Ratliff’s second and more significant conflict arose in October 2021, when he failed to notify either the Fire Commission or Kennett Township that his wife had been hired by Longwood, likely using new funding that Ratliff himself had engineered. In this case, there is a very clear financial gain for Ratliff. At the very least, this conflict makes Ratliff more likely to avoid actions that diminish wife’s prospects for continued employment.
Conflicts of interest can sometimes evolve into influence-peddling - “the use of power or influence on someone else's behalf in return for money or favors”. An example would be if the decision to hire Ratliff’s wife - and perhaps to create the position itself - was how Longwood Fire rewarded Ratliff for the monopoly he engineered for Longwood. Implicit deal-making - the nod and a wink that sadly seems to have become a staple of Pennsylvania politics- can be impossible to prove. Based on conversations with state officials, we understand that this is why the Ethics Commission needs more specific evidence of deal-making before launching an investigation based on the kind of complaint we submitted. We are actively in pursuit of this evidence.
The most common protection against the inappropriate influence that a conflict of interest can create is pre-emptive public disclosure, and, if needed, recusal. In other words, the person lets others know about a possible conflict before it can influence recommendations, and then follows their guidance as to when he or she should step aside from subsequent discussions or decisions. In Pennsylvania, public employees and elected officials who are concerned about a possible conflict of interest can seek an opinion from the Ethics Commission. They do this by submitting a request for an advisory opinion - a letter disclosing the potential conflict of a request and a request for guidance.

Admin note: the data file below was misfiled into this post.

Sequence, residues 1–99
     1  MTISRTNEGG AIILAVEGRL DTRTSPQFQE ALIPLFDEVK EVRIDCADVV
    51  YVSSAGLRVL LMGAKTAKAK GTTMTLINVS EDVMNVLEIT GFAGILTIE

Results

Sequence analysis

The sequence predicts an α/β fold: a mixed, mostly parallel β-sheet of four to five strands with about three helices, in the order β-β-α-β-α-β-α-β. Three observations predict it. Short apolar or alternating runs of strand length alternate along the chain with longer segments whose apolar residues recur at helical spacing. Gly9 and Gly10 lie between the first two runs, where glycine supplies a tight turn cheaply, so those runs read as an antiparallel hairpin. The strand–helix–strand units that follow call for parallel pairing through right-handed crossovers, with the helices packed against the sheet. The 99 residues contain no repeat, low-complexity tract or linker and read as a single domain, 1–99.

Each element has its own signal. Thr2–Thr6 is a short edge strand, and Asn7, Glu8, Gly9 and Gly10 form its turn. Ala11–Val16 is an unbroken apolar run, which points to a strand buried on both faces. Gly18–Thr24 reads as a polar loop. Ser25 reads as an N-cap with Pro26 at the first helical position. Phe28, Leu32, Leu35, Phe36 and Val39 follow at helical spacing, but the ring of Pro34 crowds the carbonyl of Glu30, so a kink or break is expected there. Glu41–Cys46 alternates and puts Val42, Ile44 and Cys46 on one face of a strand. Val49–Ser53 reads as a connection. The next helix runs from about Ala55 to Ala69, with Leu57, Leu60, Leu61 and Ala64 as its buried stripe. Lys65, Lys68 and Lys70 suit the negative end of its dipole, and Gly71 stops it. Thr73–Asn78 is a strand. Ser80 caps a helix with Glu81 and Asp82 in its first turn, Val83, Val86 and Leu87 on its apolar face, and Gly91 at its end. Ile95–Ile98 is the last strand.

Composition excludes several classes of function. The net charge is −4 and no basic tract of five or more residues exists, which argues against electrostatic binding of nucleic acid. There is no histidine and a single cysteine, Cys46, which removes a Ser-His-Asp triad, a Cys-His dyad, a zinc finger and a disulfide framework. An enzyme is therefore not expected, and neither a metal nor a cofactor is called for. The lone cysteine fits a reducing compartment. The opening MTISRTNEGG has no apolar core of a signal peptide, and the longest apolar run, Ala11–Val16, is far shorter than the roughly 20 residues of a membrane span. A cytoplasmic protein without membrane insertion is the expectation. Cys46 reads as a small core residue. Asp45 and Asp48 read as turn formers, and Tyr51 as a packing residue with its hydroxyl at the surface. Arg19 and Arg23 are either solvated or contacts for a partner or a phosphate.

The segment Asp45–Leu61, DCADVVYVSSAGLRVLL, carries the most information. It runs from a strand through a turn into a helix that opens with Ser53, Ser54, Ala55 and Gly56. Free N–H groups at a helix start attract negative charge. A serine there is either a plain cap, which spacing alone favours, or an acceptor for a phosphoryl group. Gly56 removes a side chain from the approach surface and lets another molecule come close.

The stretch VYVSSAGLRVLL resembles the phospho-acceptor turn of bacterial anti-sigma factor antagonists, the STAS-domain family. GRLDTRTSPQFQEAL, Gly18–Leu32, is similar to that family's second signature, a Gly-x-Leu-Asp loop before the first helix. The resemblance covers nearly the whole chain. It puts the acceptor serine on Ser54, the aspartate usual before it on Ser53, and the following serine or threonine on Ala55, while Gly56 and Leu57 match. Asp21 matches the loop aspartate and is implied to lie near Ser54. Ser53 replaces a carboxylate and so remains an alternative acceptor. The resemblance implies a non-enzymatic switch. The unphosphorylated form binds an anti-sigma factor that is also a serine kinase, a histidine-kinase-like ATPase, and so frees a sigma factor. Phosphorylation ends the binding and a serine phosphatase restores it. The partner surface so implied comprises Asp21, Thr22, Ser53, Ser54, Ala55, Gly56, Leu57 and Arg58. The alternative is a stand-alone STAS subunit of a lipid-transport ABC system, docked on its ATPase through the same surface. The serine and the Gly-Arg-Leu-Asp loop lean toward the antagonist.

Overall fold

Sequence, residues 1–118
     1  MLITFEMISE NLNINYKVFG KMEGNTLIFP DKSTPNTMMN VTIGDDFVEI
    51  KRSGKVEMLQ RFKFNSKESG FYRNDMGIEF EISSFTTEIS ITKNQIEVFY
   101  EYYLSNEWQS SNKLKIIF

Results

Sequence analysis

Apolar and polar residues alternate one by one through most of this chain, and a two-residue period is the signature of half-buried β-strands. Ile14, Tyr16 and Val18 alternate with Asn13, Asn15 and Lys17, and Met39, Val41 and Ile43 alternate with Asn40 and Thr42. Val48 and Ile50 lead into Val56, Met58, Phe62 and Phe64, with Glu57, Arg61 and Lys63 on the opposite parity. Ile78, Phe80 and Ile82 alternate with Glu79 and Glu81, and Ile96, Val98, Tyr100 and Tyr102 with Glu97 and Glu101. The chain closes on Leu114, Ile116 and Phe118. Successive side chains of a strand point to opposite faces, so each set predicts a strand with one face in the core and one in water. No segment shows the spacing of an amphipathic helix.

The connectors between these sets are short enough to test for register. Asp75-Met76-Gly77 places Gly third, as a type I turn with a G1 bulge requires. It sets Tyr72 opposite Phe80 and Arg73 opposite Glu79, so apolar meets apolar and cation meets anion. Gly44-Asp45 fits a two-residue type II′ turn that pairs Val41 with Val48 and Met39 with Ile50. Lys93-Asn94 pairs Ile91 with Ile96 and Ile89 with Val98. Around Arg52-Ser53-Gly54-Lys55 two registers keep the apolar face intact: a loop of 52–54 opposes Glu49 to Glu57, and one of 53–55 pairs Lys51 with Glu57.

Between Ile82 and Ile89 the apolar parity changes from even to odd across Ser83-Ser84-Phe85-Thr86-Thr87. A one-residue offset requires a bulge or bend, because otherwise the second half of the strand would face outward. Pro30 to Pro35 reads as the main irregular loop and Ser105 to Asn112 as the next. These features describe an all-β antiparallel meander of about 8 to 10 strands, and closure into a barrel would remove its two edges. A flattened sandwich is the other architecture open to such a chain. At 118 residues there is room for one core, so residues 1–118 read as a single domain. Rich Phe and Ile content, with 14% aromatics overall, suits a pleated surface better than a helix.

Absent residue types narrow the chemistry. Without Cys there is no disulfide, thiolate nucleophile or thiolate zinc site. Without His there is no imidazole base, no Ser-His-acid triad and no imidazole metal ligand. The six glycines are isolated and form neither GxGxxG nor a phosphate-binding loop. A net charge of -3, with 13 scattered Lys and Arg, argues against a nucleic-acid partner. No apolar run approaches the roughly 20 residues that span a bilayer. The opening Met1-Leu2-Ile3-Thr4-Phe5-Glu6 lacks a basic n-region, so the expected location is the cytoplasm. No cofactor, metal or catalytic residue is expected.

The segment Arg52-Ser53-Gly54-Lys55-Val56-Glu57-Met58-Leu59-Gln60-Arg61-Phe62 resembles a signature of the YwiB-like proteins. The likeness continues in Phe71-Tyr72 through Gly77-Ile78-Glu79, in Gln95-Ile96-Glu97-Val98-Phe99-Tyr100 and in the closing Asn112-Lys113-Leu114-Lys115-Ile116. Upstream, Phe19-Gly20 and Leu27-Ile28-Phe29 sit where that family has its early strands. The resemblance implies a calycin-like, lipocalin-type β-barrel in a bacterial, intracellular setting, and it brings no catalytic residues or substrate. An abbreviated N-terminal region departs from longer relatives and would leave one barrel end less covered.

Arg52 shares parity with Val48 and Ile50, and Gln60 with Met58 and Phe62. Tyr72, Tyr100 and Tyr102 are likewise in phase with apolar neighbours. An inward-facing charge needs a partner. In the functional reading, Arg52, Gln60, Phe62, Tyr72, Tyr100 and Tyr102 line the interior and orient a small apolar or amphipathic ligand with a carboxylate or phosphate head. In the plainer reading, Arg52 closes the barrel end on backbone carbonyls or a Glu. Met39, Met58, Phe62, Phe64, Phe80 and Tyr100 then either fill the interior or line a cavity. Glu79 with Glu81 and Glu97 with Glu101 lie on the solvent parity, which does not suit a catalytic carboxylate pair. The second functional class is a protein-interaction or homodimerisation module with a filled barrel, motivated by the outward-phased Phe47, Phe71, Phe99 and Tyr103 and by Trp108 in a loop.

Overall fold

While such disclosures can allow the official or employee to seek permission, they cannot offer forgiveness. For example, we have clarified through discussions with officials from the Ethics Commission that an Advisory Opinion shields the employee or official from an investigation (and potential criminal prosecution) should an ethics complaint be filed in the future, but only for conduct after the advisory opinion was sought (assuming that the employee/official complied with the Commission’s recommendations). Thus, Ratliff cannot be prosecuted for his conduct after November 30 (when his letter was sent seeking an Advisory Opinion), as long as he followed the Commission’s guidance. But by seeking an opinion for his conduct after November 30, 2021, Ratliff effectively asked the Commission to render a judgment of the appropriateness of his conduct before November 30, 2021. In this case, the Advisory Opinion obtained by Ratliff simply confirmed that his conduct had been inappropriate, probably for more than a year.